Many students study abroad during college or graduate school. Ask students to research study abroad programs relating to their own fields of interest. Ask them to select programs in places where they do not speak the national language. Invite each student to write a one-page reflection describing the following:
- The study abroad program’s focus
- The location
- What is most interesting about the program
- How the student would need to adjust to the language, food, culture and/or religion in this part of the world
Dance for Me
The official website for the film includes the trailer and more information about the film.
The POV site for the film includes a more comprehensive discussion guide with additional discussion prompts and activity suggestions.
The Atlantic: “When Did Competitive Sports Take Over American Childhood?”
In this September 20, 2013 article, Hillary Levey Friedman discusses the evolution of competitive sports in America and how competition affects young athletes. Students can use the piece to compare and contrast competitive sports with competitive dance.
Backstage: “Dance Training for Children and Teens”
In this March 23, 2011 article, Lisa Jo Sagolla explores the professional development of young dancers from preschool onward.
NBC10.com: “Pa. Student Dances Her Way Onto Reality TV Show”
This August 30, 2013 article focuses on 13-year-old professional dancer Gianna Newborg.
- SL. 9-10.1, 11-12.1 Initiate and participate effectively in a range of collaborative discussions (one-on-one, in groups and teacher-led) with diverse partners on grade level topics, texts and issues, building on others’ ideas and expressing their own clearly and persuasively.
- SL. 9-10.1.D Respond thoughtfully to diverse perspectives, summarize points of agreement and disagreement and, when warranted, qualify or justify their own views and understanding and make new connections in light of the evidence and reasoning presented.
- SL. 9-10.2 Integrate multiple sources of information presented in diverse media or formats (e.g., visually, quantitatively, orally) evaluating the credibility and accuracy of each source.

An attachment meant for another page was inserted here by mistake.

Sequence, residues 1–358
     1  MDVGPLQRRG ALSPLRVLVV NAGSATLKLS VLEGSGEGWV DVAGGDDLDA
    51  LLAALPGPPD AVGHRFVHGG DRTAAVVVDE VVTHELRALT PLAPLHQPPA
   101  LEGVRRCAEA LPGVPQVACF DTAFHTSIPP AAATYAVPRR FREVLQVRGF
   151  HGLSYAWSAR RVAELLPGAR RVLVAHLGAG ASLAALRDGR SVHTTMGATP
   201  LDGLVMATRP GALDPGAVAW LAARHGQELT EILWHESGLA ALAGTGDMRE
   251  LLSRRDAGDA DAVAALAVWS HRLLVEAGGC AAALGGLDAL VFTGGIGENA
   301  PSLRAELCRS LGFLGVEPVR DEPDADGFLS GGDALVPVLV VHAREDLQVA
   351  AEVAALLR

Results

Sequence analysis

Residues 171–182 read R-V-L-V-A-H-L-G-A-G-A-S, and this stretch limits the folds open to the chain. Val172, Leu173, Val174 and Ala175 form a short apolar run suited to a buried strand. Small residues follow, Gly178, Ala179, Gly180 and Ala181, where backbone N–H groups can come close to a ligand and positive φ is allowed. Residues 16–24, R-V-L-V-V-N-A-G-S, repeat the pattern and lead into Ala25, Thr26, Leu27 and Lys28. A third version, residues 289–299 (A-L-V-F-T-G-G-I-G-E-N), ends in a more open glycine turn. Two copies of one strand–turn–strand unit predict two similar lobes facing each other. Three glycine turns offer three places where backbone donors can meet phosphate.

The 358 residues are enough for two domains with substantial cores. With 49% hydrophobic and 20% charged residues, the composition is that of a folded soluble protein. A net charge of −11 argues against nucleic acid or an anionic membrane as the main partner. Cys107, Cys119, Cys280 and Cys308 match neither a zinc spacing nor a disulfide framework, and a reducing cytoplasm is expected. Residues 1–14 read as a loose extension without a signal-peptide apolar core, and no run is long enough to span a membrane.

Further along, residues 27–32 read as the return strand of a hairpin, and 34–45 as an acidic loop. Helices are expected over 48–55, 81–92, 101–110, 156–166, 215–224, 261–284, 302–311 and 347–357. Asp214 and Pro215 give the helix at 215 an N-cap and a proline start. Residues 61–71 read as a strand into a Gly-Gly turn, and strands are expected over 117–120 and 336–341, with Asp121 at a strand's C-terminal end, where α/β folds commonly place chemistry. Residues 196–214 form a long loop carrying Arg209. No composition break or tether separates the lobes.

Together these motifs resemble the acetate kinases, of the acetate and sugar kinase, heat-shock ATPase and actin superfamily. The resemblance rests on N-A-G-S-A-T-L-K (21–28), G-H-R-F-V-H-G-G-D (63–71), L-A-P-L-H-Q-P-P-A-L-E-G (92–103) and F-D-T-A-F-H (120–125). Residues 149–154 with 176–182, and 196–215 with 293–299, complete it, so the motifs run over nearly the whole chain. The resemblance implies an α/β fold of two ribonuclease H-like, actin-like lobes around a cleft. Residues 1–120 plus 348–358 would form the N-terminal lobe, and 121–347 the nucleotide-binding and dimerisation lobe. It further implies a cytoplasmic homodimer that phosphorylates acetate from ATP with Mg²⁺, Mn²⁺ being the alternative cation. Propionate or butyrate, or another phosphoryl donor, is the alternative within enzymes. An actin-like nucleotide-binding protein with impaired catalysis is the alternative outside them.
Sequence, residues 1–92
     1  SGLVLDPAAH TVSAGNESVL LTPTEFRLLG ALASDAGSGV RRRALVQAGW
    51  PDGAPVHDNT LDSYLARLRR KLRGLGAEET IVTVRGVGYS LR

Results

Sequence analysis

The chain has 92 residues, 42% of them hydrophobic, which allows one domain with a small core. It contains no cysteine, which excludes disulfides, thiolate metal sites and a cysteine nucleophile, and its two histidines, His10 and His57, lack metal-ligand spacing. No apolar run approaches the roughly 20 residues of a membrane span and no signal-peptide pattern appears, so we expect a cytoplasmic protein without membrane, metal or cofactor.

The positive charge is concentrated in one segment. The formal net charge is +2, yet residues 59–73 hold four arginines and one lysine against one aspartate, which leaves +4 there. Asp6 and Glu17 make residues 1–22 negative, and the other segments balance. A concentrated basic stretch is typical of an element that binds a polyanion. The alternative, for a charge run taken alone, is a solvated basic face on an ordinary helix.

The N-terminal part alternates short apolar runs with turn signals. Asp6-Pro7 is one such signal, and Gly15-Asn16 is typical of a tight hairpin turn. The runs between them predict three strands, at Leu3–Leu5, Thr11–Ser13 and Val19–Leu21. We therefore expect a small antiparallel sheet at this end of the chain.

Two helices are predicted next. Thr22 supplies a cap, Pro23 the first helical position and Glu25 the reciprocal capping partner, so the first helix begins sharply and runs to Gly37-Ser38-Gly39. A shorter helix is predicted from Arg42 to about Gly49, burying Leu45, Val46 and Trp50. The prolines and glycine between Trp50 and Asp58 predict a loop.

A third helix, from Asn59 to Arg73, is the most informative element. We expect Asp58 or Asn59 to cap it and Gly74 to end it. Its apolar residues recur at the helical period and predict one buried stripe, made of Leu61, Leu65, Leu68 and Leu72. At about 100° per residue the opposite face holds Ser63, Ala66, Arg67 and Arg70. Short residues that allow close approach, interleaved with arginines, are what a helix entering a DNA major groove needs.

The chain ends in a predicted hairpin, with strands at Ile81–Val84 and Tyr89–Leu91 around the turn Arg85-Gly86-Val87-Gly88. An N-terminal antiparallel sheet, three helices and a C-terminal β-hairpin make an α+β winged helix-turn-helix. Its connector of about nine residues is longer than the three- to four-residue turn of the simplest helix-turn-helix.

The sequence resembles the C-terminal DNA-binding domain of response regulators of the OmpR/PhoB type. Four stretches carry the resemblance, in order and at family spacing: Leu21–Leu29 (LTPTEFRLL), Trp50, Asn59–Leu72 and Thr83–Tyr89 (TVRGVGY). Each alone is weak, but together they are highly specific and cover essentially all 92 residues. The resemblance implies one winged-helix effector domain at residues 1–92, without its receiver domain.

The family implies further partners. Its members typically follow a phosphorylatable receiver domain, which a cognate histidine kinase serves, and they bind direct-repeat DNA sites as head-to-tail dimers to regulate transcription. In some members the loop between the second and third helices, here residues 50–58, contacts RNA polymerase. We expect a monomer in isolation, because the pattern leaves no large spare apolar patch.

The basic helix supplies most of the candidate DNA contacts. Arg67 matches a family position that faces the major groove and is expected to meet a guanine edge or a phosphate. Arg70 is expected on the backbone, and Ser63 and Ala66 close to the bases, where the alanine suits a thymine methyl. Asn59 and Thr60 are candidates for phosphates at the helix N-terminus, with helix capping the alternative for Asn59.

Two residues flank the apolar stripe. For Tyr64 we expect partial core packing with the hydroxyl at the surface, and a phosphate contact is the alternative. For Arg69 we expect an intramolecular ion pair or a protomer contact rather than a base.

- SL. 11-12.2 Integrate multiple sources of information presented in diverse formats and media (e.g., visually, quantitatively, orally) in order to make informed decisions and solve problems, evaluating the credibility and accuracy of each source and noting any discrepancies among the data.
- SL. 9-10.3 Evaluate a speaker’s point of view, reasoning and use of evidence and rhetoric, identifying any fallacious reasoning or exaggerated or distorted evidence.
- SL. 11-12.3 Evaluate a speaker’s point of view, reasoning and use of evidence and rhetoric, assessing the stance, premises, links among ideas, word choice, points of emphasis and tone used.
- L. 9-10.3,L. 11-12.3 Apply knowledge of language to understand how language functions in different contexts, to make effective choices for meaning or style and to comprehend more fully when reading or listening.
- R.I. 11-12.7 Integrate and evaluate multiple sources of information presented in different media or formats (e.g., visually, quantitatively) as well as in words in order to address a question or solve a problem.
McREL a compilation of content standards and benchmarks for K-12 curriculum by McREL (Mid-continent Research for Education and Learning)
- Language Arts, Standard 9: Uses viewing skills and strategies to understand and interpret visual media.
- Thinking and Reasoning, Standard 3: Effectively uses mental processes that are based on identifying similarities and differences.
ABOUT THE AUTHOR
Stephanie Joy Tisdale is an educator and the associate editor of The Liberator Magazine. She has spent the last 10 years teaching elementary, middle and high school students. She now works as a curriculum writer and consultant.